What has gender got to do with sex? Language,
heterosexuality and heteronormativity
In her essay 'Compulsory heterosexuality and lesbian existence' (1980), Adrienne Rich pointed out that heterosexuality and lesbianism are not just 'different but equal' choices women can make; one of them – heterosexuality – is 'compulsory', the other – lesbianism – forbidden. 'Normal' development for women is equated with movement through a set of life stages defined largely in terms of heterosexuality (dating, one or more serious 'steady' relationships, marriage or cohabitation, having and bringing up children). This trajectory is not simply left to happen 'naturally', even though it is always portrayed as a natural phenomenon. Rather it is aggressively promoted in every part of the culture. The other side of that coin is the persecution of women who refuse compulsory heterosexuality, especially if they show a positive preference for sexual and emotional relationships with other women. 'Lesbian existence', Rich notes, is a precarious and risky business; and she documents the point with many historical and contemporary examples of women being oppressed because they chose other women, rather than men, as their lovers and most cherished companions.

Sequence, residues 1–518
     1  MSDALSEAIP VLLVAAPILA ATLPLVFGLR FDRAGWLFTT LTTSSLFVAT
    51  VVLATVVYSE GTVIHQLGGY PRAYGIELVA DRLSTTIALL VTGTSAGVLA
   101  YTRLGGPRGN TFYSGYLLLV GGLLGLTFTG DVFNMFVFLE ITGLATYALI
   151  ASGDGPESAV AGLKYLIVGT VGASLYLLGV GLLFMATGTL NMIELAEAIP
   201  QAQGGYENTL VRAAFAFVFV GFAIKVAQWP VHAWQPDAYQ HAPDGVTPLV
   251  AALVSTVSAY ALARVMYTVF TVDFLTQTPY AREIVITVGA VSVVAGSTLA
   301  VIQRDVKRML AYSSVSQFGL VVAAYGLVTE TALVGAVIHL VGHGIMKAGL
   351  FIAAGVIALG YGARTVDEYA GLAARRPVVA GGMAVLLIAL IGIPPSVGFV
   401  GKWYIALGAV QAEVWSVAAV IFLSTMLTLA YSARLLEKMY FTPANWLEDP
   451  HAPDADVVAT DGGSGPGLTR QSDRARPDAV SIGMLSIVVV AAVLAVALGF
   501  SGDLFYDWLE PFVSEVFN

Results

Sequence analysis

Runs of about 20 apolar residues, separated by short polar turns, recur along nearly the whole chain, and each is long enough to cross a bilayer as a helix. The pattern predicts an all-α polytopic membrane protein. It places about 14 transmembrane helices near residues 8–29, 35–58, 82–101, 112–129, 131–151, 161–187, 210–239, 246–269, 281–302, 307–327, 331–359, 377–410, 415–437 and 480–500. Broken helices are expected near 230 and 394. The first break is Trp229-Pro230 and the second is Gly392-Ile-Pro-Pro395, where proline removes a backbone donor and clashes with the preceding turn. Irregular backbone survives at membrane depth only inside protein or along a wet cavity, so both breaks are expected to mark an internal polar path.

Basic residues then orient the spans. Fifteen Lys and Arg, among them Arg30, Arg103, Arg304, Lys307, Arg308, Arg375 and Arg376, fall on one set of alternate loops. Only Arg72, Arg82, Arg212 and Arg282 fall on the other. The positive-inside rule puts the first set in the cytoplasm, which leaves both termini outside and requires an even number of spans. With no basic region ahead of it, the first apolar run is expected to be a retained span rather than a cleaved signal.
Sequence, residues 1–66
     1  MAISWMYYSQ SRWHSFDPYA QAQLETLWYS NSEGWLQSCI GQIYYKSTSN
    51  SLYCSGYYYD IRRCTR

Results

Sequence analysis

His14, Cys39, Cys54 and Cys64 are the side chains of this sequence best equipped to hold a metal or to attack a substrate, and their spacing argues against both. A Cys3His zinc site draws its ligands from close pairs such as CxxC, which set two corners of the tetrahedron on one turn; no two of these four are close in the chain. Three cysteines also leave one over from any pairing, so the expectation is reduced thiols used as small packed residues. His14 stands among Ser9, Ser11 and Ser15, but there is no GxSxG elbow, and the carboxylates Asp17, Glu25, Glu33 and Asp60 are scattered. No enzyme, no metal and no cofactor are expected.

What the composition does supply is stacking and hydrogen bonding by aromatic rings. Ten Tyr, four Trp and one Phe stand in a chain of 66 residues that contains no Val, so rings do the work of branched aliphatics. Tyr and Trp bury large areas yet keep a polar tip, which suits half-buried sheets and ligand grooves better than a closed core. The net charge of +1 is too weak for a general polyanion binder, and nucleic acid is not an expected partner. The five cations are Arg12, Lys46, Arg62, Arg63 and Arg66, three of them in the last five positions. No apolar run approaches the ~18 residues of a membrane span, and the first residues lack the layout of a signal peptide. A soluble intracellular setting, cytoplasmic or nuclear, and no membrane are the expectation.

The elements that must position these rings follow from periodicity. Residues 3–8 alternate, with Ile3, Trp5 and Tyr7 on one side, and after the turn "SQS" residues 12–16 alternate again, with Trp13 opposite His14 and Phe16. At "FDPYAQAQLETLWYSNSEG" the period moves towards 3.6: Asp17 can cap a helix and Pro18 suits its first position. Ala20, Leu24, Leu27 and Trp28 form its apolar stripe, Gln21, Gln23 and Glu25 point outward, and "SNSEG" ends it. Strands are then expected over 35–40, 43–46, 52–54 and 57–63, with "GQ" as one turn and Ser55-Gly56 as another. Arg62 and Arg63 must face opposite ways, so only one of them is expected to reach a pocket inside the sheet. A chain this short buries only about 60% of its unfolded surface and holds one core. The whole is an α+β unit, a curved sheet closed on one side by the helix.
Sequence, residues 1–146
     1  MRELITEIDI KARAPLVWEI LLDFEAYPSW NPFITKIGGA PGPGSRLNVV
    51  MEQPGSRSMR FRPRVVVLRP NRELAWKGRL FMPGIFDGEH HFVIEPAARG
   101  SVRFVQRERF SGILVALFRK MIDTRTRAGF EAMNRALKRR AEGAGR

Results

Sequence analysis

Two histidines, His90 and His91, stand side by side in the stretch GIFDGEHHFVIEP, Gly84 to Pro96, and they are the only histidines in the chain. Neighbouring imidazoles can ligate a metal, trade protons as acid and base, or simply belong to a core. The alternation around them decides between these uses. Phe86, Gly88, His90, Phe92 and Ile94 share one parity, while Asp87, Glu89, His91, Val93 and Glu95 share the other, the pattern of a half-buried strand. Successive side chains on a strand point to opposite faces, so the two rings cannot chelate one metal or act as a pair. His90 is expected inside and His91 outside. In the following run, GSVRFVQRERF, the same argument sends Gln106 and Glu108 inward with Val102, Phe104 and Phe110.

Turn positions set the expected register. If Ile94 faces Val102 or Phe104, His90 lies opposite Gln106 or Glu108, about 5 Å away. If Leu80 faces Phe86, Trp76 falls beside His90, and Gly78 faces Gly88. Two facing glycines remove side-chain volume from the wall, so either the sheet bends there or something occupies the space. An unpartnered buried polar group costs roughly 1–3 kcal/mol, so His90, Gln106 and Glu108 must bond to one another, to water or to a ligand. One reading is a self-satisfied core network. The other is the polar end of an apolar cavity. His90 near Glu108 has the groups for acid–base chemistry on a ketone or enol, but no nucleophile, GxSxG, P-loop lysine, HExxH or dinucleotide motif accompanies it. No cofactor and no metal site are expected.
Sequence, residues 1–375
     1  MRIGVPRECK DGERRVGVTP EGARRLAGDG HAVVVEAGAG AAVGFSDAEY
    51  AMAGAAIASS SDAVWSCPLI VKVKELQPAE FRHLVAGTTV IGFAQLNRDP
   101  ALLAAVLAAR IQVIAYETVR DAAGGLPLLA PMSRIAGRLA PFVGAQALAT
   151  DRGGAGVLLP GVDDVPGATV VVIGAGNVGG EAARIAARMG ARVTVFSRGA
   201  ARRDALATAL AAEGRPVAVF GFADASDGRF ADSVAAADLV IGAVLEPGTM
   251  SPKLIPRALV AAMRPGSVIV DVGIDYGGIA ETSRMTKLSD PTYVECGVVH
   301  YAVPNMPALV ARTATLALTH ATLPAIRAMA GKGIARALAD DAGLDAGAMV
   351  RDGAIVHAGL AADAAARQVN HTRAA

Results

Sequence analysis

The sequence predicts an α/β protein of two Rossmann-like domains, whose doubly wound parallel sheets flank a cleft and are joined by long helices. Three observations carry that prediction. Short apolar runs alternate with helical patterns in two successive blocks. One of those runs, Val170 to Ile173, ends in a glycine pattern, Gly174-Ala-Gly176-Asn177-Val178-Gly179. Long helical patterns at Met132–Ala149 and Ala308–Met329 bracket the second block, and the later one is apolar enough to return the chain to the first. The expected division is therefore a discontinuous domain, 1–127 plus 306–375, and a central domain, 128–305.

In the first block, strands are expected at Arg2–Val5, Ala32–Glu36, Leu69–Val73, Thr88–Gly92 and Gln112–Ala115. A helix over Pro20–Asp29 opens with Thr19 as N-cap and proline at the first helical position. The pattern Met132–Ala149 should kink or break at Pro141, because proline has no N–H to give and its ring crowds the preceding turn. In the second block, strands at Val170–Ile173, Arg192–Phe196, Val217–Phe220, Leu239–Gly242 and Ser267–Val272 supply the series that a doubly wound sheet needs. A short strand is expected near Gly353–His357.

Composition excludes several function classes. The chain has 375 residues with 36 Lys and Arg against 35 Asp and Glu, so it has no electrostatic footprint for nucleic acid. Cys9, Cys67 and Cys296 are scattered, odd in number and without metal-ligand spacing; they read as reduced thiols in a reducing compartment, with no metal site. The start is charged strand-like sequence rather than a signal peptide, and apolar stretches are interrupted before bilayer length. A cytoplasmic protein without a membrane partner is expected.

RADICAL FEMINIST ANALYSIS
The idea of heterosexuality as a norm rather than simply one option among others is still part of feminist thinking, and is also current among queer theorists and activists.1 But in the Women's Liberation Movement of the 1970s and early 1980s, that idea was connected to a particular set of arguments about the relationship of sexuality to gender. According to those arguments, compulsory heterosexuality is not just bad because it denies individual women, and indeed individual men, the freedom to define and express their own sexual preferences. Rather, heterosexuality is a political institution, and the 'compulsory' status of heterosexuality has a key political